Although these bees do not generally sting, I watch as mothers nervously cross the street with strollers. Neighbors pass by and comment "Watch out for all those fire ants" referring to the small mounds that dot my sparsely vegetated lawn. Others offer suggestions on how to rid myself of these dangerous beasts that are "tearing up your lawn."
The bees I am watching are ground nesting bees in the family Andrenidae. All the species in this family are solitary and nest in the ground. Solitary means they do not maintain vast hives with hundreds of workers like honeybees or yellow jackets. A single female bee builds the nest by burrowing into the ground. She prepares larval cells where eggs will be laid. Mothers provision each brood cell with a mixture of pollen and nectar (called bee bread) that serves as food for young larvae. After laying an egg she closes the brood cell and starts another. After completing several brood cells the mother will seal the entrance and leave the nest to begin a new nest. After a few weeks she will die leaving the next generation safe in the ground.
|Bee emerging from its mound (Photo: S.D. Frank).|
In the spring, bees complete development and emerge as adults that dig their way out of the ground and forage for pollen and nectar to provision their own nests (see photo above). The visual spectacle of these bees is produced largely by males who swarm over nests trying to mate with newly emerged females. The other noticeable aspect of these bees is the small mounds of dirt excavated for each nest.
|Hundreds of small mounds created by bees.|
An ovipositor is the organ female insects use to insert eggs into substrates such as leaves, wood, soil, other insects, or in our case brood cells. In social insects such as honeybees, most of the females are workers that do not mate or lay eggs and thus have no need for an ovipositor. However, they do need to protect the nest from invaders. Therefore, the ovipositor of these social species has evolved into a stinger to ward off threats.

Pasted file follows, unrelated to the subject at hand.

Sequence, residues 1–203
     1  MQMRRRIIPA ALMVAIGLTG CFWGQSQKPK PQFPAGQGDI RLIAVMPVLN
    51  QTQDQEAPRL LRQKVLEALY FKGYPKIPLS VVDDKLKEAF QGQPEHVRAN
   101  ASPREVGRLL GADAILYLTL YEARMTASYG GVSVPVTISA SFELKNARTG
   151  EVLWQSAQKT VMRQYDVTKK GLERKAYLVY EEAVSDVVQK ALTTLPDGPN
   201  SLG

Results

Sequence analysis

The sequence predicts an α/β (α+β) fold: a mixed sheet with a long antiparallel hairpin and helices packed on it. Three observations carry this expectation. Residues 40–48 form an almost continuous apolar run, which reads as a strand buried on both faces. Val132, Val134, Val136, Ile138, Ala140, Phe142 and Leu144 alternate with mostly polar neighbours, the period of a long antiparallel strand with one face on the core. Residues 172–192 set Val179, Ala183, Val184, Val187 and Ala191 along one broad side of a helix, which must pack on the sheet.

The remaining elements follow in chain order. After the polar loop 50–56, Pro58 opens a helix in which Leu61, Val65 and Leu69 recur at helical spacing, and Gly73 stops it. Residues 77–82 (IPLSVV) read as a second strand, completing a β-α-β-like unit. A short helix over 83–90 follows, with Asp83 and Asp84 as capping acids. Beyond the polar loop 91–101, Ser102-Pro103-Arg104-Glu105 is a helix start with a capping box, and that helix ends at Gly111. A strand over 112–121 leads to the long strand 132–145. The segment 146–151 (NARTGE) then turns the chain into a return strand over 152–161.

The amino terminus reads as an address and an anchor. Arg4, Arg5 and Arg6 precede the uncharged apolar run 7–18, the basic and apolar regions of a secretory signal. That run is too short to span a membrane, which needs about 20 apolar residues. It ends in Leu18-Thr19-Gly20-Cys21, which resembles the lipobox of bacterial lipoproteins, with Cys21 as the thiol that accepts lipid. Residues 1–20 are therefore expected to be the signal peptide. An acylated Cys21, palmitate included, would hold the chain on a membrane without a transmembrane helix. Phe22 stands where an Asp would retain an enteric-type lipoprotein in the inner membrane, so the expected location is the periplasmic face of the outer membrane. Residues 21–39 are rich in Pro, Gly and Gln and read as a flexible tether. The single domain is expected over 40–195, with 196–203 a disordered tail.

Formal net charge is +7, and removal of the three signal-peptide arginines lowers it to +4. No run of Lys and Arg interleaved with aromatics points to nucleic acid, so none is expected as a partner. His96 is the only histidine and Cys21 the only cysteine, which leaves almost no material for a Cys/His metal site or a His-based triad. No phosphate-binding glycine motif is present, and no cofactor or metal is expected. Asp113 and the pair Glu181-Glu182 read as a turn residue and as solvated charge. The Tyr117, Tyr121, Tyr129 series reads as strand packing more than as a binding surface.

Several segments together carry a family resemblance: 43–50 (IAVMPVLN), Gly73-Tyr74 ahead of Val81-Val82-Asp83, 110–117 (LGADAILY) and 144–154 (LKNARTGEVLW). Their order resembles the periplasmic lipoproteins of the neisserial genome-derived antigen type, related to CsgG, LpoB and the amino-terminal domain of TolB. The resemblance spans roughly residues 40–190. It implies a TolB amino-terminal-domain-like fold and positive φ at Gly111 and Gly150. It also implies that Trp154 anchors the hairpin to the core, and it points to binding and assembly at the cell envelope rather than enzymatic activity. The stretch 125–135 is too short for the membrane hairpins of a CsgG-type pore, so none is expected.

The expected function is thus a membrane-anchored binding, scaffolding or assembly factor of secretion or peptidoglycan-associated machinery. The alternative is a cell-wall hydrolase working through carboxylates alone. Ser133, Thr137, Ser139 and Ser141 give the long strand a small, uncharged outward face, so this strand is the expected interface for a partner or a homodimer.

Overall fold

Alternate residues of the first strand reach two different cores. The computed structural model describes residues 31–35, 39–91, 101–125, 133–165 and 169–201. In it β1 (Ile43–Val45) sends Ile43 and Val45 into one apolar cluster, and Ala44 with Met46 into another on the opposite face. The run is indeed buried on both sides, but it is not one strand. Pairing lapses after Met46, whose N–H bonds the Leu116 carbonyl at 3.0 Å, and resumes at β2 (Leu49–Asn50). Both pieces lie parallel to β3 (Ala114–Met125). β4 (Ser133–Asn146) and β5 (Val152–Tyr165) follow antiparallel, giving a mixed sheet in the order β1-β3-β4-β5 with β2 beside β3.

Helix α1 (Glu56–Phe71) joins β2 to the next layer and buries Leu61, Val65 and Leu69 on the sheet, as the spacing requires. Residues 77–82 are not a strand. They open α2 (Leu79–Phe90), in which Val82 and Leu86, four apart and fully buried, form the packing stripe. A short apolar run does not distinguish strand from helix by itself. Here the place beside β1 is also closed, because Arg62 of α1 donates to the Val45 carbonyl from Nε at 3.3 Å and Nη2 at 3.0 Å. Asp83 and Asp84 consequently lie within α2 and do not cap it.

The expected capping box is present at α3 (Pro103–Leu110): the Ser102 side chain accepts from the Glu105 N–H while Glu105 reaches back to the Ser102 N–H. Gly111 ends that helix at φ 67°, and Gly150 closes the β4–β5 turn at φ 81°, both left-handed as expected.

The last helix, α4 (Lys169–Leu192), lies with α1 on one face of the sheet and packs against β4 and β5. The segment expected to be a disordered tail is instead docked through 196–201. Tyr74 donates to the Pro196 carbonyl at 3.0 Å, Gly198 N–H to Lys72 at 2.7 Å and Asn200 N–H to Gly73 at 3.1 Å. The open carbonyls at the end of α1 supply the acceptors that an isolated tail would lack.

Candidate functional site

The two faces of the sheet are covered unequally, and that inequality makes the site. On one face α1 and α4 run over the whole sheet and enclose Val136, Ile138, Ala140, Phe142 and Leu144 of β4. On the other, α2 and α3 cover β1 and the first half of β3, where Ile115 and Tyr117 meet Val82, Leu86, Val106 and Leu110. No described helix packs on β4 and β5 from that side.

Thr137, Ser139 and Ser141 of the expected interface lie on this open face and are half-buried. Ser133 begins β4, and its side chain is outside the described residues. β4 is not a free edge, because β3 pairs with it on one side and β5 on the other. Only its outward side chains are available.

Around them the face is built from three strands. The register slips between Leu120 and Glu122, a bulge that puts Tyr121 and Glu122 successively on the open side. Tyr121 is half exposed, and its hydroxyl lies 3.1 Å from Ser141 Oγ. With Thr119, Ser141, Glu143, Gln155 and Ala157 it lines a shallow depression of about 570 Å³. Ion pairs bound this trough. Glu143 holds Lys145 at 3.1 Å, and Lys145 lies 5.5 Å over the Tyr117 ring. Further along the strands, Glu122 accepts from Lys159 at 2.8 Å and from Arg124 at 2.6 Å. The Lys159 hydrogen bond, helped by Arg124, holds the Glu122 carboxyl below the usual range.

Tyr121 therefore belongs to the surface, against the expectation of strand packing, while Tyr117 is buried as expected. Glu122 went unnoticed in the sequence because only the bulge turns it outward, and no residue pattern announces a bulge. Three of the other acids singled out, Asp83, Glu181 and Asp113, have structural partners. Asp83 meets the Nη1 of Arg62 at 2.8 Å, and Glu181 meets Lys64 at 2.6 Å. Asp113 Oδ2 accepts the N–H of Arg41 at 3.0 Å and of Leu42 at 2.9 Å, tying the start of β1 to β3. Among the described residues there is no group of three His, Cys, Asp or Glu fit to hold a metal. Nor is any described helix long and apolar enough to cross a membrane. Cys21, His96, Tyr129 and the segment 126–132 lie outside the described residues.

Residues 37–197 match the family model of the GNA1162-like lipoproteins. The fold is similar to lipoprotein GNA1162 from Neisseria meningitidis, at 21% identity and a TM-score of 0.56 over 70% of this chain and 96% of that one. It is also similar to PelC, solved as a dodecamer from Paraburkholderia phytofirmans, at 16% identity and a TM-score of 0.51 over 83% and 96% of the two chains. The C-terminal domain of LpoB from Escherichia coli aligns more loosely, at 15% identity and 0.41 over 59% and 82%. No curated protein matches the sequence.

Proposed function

With this in mind it is easy to understand why the threat of being stung by the ground nesting bees in my yard is so small. First, the bees swarming around are mostly males. Males don't lay eggs and thus do not have an ovipositor, modified or otherwise. The female bees are responsible for all aspects of nest construction and provisioning and are busy digging and foraging. Since the ovipositor of ground nesting bees is necessary for laying eggs, it is not well developed as a stinger, if at all. I won't say that you will never be stung because this would encourage some fool to torment bees until they proved me wrong. However, I have handled these bees quite a bit and have never been stung (see photo below).
These bees prefer to nest in dry, sparsely vegetating areas. Therefore, if you have bees nesting in your lawn it is because the grass is thin and the soil is dry. The bees don't make it this way, they just take advantage of the conditions. If anything the bees are providing a valuable service by aerating the lawn!
|Bee held safely for a portrait (Photo: S.D. Frank).|
The behavior and habitat preference of these bees leads us to the most promising ways to reduce their abundance in a particular yard. First they like dry soil they can dig nests in. Therefore, irrigation over the 3-4 weeks bees are active will encourage them to find other nest sites and reduce their abundance the following year. In addition, they like thin lawns with plenty of bare spots. Thus, you can take measures to improve the density of your grass to make it less appealing to bees. Native bees are an important part of ecosystems and food production. We should take steps to protect these bees or at least use non-lethal means to encourage them to nest somewhere else.